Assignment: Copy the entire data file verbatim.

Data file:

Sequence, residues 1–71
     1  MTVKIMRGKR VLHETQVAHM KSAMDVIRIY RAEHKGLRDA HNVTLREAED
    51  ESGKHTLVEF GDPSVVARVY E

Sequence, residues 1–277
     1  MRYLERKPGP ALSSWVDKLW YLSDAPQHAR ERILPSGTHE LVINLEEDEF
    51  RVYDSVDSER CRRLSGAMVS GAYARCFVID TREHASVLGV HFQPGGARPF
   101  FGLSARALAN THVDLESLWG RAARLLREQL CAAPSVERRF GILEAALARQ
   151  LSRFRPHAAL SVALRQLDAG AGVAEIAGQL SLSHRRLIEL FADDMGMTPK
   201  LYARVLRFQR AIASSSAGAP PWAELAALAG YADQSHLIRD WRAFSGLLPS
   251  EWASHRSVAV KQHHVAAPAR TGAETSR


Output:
Sequence, residues 1–71
     1  MTVKIMRGKR VLHETQVAHM KSAMDVIRIY RAEHKGLRDA HNVTLREAED
    51  ESGKHTLVEF GDPSVVARVY E

Sequence, residues 1–277
     1  MRYLERKPGP ALSSWVDKLW YLSDAPQHAR ERILPSGTHE LVINLEEDEF
    51  RVYDSVDSER CRRLSGAMVS GAYARCFVID TREHASVLGV HFQPGGARPF
   101  FGLSARALAN THVDLESLWG RAARLLREQL CAAPSVERRF GILEAALARQ
   151  LSRFRPHAAL SVALRQLDAG AGVAEIAGQL SLSHRRLIEL FADDMGMTPK
   201  LYARVLRFQR AIASSSAGAP PWAELAALAG YADQSHLIRD WRAFSGLLPS
   251  EWASHRSVAV KQHHVAAPAR TGAETSR